You must write what they want you to write, not what you want to write. If there is a trend, they will tell you to change your book to fit the trend or write to the trend. Forget about the fact by the time you do and your book is published, that trend will be over and a new one in its place. But it goes beyond writing to the trend. When Fifty Shades of Grey hit it big, publishers pulled entire lines to recover them to look like the 50 Shades books. Publication dates were delayed, losing pre-orders in the process, to do this. I know authors who found themselves cut loose by their publishers after that because their books, books caught up in this delay, sold badly and the publisher didn’t want to take a risk on them again. Forget the fact the publishers were to blame for deciding to rebrand, usually badly, the books and, in the process, lost the pre-orders. Forget the fact these books all looked so much alike it was difficult to tell if you’d already read it or not. Publishers weren’t going to take responsibility for their own actions. That left the author to pay the price–well, the author and their fans.
On a personal note, when I was first shopping Nocturnal Origins, the editor for an imprint for one of the Big 5, showed interest. But then I got an email back from them. They had a few “suggestions” for me. They wanted me to rewrite the book, changing it from third person limited POV to first person. Cutout the scenes from anyone’s point of view but the main character. Oh, and add sex. No, it wasn’t a paranormal romance book. It was urban fantasy. It was the first book in the series. There wasn’t even romance hinted at, at least not strongly. Better yet, if I took the time to do all this–and it wouldn’t be a quick fix–there was still no guarantee they’d accept the book. Thank you but no.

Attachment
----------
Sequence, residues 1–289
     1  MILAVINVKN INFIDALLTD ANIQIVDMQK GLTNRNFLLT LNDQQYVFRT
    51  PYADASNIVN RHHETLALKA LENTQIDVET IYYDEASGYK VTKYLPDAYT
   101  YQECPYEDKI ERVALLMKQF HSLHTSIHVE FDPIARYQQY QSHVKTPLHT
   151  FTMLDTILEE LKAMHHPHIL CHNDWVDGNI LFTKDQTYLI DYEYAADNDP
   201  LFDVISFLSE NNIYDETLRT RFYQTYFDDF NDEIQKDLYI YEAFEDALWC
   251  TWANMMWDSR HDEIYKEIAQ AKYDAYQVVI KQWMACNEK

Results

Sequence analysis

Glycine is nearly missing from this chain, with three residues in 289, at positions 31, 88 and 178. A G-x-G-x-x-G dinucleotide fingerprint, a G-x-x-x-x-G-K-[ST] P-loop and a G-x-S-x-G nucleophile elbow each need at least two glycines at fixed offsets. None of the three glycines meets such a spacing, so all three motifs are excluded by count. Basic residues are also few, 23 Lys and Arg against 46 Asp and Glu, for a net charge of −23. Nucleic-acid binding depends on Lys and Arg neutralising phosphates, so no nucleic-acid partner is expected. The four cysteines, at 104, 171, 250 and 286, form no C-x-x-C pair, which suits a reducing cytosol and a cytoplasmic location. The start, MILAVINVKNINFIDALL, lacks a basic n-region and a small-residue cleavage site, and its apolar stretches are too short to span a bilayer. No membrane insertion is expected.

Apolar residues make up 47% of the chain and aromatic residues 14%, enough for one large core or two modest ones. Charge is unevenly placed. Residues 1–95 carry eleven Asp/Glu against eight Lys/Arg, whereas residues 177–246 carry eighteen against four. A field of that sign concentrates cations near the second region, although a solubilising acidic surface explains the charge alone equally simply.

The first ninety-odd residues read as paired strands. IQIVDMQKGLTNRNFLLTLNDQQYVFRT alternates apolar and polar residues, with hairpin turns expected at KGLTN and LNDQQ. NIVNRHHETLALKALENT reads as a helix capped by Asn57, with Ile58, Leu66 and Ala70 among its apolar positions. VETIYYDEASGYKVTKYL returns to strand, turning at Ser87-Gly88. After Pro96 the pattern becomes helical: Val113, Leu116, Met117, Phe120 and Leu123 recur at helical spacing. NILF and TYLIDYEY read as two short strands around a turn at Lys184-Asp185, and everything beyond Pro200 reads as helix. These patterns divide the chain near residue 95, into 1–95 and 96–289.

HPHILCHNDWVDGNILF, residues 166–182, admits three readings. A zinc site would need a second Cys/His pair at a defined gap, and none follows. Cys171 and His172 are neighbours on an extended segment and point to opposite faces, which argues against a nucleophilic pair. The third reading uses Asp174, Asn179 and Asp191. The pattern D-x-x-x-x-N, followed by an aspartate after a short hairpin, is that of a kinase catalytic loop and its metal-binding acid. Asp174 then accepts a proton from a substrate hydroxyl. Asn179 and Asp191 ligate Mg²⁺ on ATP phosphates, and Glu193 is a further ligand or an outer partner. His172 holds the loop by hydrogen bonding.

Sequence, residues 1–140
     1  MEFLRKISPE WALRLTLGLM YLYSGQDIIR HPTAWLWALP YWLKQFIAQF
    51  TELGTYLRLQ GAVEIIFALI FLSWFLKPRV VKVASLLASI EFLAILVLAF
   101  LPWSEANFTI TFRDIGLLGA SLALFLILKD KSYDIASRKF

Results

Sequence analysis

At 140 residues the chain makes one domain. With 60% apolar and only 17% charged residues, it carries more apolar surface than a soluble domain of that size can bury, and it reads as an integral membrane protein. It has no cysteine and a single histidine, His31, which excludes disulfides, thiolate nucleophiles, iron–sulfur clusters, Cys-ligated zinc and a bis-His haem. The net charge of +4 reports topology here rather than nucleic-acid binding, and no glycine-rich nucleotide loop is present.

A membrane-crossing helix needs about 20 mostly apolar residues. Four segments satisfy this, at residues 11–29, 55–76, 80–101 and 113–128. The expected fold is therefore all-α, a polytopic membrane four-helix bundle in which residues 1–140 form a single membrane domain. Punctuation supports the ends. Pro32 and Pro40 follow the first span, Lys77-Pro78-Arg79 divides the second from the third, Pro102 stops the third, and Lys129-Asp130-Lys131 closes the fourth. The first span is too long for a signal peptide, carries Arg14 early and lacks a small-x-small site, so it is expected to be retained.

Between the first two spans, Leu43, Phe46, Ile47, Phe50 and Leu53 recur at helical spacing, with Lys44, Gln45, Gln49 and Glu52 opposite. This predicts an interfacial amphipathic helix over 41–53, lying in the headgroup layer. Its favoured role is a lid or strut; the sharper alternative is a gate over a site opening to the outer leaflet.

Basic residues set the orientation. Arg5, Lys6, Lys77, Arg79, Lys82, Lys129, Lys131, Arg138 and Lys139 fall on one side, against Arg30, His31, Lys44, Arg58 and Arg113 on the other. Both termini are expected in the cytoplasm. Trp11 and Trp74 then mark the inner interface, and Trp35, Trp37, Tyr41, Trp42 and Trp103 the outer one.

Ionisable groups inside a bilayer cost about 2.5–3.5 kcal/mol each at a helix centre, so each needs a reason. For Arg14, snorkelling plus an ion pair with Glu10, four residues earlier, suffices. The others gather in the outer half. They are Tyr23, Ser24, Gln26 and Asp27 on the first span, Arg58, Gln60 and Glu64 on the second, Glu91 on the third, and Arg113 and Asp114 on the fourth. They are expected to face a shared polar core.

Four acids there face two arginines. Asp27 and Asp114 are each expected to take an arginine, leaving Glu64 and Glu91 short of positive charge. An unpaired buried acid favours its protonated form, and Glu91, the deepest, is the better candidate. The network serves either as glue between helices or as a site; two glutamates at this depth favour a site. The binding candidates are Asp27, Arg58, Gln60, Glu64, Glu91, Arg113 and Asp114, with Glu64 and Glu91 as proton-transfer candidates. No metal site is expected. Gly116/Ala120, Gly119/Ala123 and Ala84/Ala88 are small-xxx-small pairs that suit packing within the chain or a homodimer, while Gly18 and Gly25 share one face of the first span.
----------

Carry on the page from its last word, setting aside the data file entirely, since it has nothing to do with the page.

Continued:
You lose all control of your book. You have no say on the cover. You have no control over any promotion, beyond what you do yourself. You have to rely on the publisher to edit and then accept your responses to the edits–assuming you even get that much from them. You have no control over pricing, where the book is sold, etc.
I recommend you wander over to Dean’s site and read the entire post. Heck, if you haven’t already put his blog on your “to read list”, do so.
There are reasons to go traditional, at least for some people. But, if you’re considering it, go into it with your eyes open. Do your homework and get yourself an IP attorney to go over any contract offered, by an agent or by a publisher, before signing it. Get any promises, assertions, assurances, etc., in writing. Gone are the days when a handshake was good enough.
Featured image via Pixabay.